So why do we care so much about the company images anyway? It doesn’t decide which kind of product your company produces, or what it’s like to work there. In the same way, it has no influence on whether your customers will get their product on time, or whether they’ll get the support they need.
In fact, the company image is an entirely abstract concept. It isn’t even really measurable. It is – quite literally – just a bunch of people’s opinions. Should you even care about it?
Well, yes. People opinions matter – particularly if those people are going to buy your product (and as we don’t yet have many robots who want to buy products, that means that images are important).
What is this thing called ‘company image’ anyway?
A company’s image is the idea that they have in their heads when they think of your company. There are a lot of ways that an image can be created, but a very important part of the experience is down to first experiences. As you well know, we tend to judge quickly and these judgments we make are very stuborn.
For that reason, it’s very important to consider very carefully how you’re creating a first impression. This means looking at the impression that – for example – your website gives as well as your actual brick-and-mortar stores. Of course, that’s not the only thing that matters, as people generally only end up at those places after they’ve heard about you from some third party.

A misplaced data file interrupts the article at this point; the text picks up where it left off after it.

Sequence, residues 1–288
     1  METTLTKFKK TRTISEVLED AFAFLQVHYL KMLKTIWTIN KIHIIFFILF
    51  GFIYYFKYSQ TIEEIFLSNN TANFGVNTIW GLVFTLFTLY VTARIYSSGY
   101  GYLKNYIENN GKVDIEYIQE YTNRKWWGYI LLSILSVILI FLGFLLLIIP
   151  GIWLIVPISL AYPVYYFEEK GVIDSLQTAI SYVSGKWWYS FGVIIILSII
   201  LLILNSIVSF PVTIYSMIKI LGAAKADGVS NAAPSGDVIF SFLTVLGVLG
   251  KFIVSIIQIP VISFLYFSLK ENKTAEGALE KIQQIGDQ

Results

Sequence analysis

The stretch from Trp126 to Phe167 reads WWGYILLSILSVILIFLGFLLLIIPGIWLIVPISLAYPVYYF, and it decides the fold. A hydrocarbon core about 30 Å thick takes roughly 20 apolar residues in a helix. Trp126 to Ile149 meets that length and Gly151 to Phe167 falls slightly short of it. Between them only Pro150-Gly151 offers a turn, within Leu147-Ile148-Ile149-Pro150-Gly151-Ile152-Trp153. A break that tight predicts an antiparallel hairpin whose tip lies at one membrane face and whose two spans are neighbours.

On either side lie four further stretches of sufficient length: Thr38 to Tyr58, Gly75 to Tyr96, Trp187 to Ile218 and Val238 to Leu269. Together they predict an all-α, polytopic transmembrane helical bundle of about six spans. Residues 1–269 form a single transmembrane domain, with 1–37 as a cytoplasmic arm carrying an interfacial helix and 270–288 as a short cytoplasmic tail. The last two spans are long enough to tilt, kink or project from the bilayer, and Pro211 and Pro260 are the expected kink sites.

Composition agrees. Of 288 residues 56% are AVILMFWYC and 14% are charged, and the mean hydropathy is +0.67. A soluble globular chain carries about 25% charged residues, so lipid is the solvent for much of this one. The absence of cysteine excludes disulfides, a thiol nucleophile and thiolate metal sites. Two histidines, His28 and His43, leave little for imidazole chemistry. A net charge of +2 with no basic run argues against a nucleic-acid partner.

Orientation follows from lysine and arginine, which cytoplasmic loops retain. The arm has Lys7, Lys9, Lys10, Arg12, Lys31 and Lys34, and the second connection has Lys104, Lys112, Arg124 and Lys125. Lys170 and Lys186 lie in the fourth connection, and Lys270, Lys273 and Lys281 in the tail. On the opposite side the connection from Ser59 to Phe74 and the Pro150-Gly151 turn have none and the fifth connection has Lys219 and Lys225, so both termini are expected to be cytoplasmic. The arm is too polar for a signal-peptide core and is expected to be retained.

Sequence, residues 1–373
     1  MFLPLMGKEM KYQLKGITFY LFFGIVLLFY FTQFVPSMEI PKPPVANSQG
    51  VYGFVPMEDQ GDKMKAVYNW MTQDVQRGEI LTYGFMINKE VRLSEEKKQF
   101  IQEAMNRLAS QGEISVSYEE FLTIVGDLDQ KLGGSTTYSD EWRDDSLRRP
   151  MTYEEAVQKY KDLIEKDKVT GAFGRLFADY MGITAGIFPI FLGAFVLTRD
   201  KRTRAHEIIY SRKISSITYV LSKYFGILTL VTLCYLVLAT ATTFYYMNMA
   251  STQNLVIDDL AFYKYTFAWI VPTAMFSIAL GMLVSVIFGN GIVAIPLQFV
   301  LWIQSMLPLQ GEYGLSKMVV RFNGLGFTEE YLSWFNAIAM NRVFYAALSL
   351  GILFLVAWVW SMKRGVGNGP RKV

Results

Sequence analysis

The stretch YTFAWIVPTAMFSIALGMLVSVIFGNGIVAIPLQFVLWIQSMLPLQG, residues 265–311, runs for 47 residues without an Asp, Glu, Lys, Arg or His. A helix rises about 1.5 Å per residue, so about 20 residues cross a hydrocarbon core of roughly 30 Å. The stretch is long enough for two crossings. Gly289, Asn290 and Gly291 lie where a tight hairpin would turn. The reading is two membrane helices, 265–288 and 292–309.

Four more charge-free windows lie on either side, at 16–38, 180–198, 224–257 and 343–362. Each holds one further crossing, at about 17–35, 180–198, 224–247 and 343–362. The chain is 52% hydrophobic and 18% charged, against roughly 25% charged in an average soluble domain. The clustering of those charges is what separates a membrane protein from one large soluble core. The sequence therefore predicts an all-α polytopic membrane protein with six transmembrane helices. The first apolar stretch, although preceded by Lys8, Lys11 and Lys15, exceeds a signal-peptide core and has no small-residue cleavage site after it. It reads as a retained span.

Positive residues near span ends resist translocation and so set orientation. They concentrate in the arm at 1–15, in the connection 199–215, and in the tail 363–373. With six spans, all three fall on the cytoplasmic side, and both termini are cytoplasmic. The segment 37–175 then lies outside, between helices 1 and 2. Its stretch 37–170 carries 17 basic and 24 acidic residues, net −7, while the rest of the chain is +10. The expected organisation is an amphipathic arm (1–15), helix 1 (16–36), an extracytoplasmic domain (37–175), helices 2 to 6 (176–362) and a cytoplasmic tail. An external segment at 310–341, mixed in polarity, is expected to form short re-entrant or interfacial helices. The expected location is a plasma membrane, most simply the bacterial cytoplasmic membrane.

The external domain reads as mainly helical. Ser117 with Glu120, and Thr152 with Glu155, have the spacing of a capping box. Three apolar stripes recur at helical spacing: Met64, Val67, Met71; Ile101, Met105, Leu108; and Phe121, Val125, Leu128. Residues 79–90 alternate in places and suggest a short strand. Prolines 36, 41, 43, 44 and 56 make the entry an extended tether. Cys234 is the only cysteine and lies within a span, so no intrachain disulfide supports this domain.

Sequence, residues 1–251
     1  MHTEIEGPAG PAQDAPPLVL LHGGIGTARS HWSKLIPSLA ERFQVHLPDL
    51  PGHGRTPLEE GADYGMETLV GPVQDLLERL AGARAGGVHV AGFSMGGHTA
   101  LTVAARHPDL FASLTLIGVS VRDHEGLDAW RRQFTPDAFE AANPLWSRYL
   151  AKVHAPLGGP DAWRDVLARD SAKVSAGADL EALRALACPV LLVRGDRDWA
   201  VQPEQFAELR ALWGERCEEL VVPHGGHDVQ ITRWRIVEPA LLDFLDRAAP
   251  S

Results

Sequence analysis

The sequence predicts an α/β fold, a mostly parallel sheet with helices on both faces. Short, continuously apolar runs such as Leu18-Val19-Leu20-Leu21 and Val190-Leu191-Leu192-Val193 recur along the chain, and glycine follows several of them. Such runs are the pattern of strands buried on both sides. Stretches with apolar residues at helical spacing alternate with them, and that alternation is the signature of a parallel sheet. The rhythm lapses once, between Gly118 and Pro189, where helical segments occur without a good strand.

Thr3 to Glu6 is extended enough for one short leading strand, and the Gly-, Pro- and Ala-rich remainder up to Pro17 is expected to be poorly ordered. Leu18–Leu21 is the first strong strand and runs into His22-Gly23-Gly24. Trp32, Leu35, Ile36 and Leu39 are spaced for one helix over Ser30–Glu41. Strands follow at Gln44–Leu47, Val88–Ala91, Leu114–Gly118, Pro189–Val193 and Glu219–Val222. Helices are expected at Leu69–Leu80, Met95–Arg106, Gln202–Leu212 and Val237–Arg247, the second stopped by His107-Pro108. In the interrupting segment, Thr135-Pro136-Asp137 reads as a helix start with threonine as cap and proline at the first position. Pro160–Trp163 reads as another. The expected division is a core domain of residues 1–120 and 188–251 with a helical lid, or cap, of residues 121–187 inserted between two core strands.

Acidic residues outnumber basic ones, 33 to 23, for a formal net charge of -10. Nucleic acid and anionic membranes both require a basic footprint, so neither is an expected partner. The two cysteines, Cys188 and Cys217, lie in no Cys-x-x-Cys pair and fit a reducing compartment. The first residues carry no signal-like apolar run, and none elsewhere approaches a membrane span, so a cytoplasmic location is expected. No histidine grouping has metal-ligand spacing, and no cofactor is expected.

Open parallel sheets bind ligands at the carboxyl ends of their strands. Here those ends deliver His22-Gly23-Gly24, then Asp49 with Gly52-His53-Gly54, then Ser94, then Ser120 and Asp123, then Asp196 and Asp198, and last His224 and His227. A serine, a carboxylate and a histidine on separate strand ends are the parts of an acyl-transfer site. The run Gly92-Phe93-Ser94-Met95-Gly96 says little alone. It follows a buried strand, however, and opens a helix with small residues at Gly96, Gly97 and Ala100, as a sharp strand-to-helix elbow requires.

They, therefore, are an important part of the company image that you hold. Do they have good reviews? Do they hold positive opinions? If they don’t, then you can be sure that whoever comes to your company website from those sites will not think very highly of your company’s image (if they come to your site at all, that is).
Note that all things that come out into the public sphere can be important for your public images. News stories matter. Rumors matter. What famous people say matters.